Personally, I hate writing all the getters and setters. That's why tools like Peter Ferrel's bean generator (and my lite-version bean-builder) exist. However, they don't really obviate the need for getters and setters, they just make writing them easier. Holub suggests that I shouldn't even need them.
Supposedly, the get/set idiom was designed in Java to identify private properties of the class and were never meant to be called. Supposedly, the getters and setters reveal too much implementation detail because they are typed. What happens if the type changes in the future then everything that calls those getters and setters might have to be updated. This logic, to me, seems pretty dead on. Granted, CF isn't that strongly typed (for instance an int and a long are basically just CF strings that only contain numeric values so minor changes like that won't cause any problems in CF).
Almost all of the instances where I see accessors methods are in the Beans that folks pass between their data access layer and their presentation or business layers. They are basically just glorified structures that have some validation built in. So, what is a developer to do when the data in that bean needs to be accessed by the data access object (DAO) for initialization or when it needs to be accessed by the view for display?
Typically, with the DAO I don't need the setters to populate my newly instantiated Bean. I build a struct and then pass that struct into the init() method. The init method then takes care of populating all of the necessary private properties. It is the getting of the data that could be troublesome without "getter" methods.
There are really only two types of getting that I can think of. 1. The requester needs the specific data value for some operation (writing to the db, or using it in a method) and 2. displaying the value (in the UI).
Holub says that in a well designed system...
You may not ask for the information you need to do something. Rather, you must ask the collaborator who has the information to do the work. It's okay to pass to that collaborator information he needs to do the work, but keep this interaction to a minimum.
So, to accommodate this "rule" when you need the data value, say for saving to a DB, you should ask the bean to save (or to update, populate, or delete itself). At this point the bean will call the DAO and PASS the data to the create or update method. The whole bean shouldn't be passed to the DAO. The DAO should specify the data types it requires to be compatible with the data layer and the Bean should live up to that interface when passing the data to the DAO. This is a pattern that should be easy for any CF developer to work with and seems totally reasonable to me.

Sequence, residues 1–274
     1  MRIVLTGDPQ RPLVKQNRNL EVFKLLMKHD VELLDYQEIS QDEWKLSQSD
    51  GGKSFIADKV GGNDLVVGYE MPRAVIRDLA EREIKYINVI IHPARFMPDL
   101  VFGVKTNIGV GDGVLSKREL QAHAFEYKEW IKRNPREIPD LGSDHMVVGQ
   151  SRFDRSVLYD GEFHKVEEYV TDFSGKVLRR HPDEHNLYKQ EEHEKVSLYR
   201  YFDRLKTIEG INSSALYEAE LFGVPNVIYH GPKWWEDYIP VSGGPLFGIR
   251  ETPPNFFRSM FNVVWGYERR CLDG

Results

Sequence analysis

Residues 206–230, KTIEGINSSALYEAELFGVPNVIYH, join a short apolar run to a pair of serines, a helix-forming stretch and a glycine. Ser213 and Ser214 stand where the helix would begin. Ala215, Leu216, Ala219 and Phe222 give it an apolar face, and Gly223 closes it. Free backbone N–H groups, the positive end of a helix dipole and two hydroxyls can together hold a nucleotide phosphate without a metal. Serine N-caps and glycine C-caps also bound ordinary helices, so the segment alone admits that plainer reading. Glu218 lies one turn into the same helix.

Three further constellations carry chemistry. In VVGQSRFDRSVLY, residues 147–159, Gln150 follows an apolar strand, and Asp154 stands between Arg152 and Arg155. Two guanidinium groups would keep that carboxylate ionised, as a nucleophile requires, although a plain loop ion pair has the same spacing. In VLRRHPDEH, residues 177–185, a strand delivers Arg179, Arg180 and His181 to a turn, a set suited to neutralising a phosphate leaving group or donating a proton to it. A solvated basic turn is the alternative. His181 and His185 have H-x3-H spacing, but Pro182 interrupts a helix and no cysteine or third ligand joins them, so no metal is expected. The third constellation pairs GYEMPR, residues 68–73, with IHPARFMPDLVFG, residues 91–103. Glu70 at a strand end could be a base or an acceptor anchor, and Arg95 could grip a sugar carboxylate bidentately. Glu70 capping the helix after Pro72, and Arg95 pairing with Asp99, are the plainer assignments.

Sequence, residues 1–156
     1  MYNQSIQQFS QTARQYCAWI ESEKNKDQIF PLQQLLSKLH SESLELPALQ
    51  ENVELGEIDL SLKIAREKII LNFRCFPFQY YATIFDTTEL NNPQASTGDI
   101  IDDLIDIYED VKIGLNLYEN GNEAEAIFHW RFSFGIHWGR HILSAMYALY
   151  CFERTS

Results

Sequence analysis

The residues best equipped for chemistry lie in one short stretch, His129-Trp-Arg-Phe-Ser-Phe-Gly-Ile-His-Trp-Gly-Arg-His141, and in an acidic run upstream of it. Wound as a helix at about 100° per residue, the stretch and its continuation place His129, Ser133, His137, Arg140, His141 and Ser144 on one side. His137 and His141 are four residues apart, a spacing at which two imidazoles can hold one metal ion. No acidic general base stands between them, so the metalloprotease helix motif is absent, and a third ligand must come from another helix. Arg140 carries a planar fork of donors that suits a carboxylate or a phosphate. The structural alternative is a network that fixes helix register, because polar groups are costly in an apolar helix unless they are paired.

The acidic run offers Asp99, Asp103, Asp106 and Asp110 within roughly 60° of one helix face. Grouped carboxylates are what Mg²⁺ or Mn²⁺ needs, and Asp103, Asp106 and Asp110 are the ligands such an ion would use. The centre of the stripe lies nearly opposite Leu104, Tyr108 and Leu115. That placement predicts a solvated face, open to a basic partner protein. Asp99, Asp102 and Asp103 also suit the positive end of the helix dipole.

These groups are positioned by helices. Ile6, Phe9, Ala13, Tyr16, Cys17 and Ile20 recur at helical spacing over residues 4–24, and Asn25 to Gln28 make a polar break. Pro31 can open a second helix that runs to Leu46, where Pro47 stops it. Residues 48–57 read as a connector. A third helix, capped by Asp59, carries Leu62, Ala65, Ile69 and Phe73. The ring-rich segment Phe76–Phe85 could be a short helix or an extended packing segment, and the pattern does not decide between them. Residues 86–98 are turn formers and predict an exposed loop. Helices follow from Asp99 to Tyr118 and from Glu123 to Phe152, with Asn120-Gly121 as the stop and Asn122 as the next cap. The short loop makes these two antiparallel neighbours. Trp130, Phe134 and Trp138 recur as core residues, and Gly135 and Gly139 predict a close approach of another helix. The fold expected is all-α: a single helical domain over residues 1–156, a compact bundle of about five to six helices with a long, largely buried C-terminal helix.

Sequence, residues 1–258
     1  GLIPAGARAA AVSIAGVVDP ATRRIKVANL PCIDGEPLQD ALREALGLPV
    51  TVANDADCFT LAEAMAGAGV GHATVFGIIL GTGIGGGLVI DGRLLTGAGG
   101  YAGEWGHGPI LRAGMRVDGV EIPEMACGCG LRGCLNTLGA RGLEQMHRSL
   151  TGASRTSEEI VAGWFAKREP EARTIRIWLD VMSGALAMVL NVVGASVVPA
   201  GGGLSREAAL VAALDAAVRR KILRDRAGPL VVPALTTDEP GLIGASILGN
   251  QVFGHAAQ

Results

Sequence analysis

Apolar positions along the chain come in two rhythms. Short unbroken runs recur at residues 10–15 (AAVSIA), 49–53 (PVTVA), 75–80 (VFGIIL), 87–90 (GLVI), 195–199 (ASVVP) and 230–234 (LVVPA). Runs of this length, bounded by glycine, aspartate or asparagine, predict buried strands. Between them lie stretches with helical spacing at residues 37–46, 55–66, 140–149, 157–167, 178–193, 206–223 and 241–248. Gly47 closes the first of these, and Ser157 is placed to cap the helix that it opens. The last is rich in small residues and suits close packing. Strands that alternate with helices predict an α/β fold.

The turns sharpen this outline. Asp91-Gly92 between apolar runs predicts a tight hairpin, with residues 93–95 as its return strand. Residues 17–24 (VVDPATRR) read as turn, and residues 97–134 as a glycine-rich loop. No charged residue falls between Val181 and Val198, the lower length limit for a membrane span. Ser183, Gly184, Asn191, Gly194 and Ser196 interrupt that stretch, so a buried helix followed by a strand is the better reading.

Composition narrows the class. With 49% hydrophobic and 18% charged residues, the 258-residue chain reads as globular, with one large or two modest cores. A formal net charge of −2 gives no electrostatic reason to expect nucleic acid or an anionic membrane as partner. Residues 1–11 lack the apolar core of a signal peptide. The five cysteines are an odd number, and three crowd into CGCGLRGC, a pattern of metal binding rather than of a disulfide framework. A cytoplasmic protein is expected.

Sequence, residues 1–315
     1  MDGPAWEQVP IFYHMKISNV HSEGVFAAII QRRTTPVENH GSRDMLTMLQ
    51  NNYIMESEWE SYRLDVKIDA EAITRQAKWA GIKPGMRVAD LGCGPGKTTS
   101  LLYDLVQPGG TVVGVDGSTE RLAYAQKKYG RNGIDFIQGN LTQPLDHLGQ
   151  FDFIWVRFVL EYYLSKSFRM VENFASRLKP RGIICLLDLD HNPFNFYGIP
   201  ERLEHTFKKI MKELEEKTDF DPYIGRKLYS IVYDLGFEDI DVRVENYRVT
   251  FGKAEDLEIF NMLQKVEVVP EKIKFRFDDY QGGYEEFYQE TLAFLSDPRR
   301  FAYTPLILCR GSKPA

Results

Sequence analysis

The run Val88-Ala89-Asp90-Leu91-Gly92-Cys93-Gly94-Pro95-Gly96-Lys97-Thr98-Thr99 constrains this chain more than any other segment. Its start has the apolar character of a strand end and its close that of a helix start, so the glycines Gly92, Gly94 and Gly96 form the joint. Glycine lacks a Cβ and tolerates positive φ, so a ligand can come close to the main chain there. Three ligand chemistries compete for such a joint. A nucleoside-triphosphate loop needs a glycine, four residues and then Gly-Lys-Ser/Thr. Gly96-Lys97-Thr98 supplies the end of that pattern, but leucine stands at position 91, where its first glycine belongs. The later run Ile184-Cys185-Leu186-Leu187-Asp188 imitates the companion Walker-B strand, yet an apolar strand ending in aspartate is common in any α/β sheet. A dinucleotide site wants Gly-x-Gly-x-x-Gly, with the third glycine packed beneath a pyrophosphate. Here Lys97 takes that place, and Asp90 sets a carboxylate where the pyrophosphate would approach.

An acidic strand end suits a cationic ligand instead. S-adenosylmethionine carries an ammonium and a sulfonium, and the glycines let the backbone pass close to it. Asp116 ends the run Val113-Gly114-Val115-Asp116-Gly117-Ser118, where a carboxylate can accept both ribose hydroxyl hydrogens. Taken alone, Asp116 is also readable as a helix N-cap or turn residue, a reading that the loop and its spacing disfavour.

Solving the issue of having the bean do something with it's data we now need to display it. Holub has a novel idea of giving the bean a "drawYourself()" method. Now, I don't know if that means he thinks it is OK to have a "drawX()" and "drawY()" method within an object; but I think that i what he means. So, if I am dealing with a user profile that has the properties "userID, userName, firstName, lastName, emailAddress, password" that there would be a draw() method for each property that needed to be presented in the UI. This method would be responsible for creating the corresponding HTML object and passing it back to the caller.
At first glance this seems like both a crazy bad idea, and a good idea. If some property within my object changes drasticly to become more complex - then telling it to draw itself would only require me to update my code in one place, even if I were showing that property in many places throughout my UI (a very good thing). However, it also seems to plug some of my presentation layer into the business layer (or does it? The presentation layer takes this returned HTML object and puts it where it should be in the page hierarchy).
While I like the idea of only updating my presentation in one place (well probably two thanks to CSS which I would probably be updating as well) the fact that I use CSS that makes me realize it isn't a simple "drawX()" method that is needed. In order for it to be flexible the draw method should take in a "class" or "style" argument that can be applied to that particular drawing instance. It also seems to me that the method should take in an option if it should draw an HTML control or not (say in a read only situation it is really just drawing the text representation?)
Maintenance at this point would probably be easier. My final view page would look just like it always has - a dump of all the sub-views I have built - but the sub-views would be a bit different. In the following examples imagine each method takes to arguments "drawControl:BOOLEAN:DEFAULT=0 and class:STRING:DEFAULT=''"
as opposed to
<input type="text" name="firstName" value="#myObject.getFirstName()#" id="txtFirstName" />
<input type="text" name="lastName" value="#myObject.getLastName()#" id="txtLastName" />
<input type="text" name="userName" value="#myObject.getUsername()#" id="txtUsername" />
<input type="text" name="emailAddress" value="#myObject.getEmailAddress()#" id="txtEmailAddress" />
I admit this is a pretty strange way of looking at CF development in general particularly in regards to Beans. What do you think?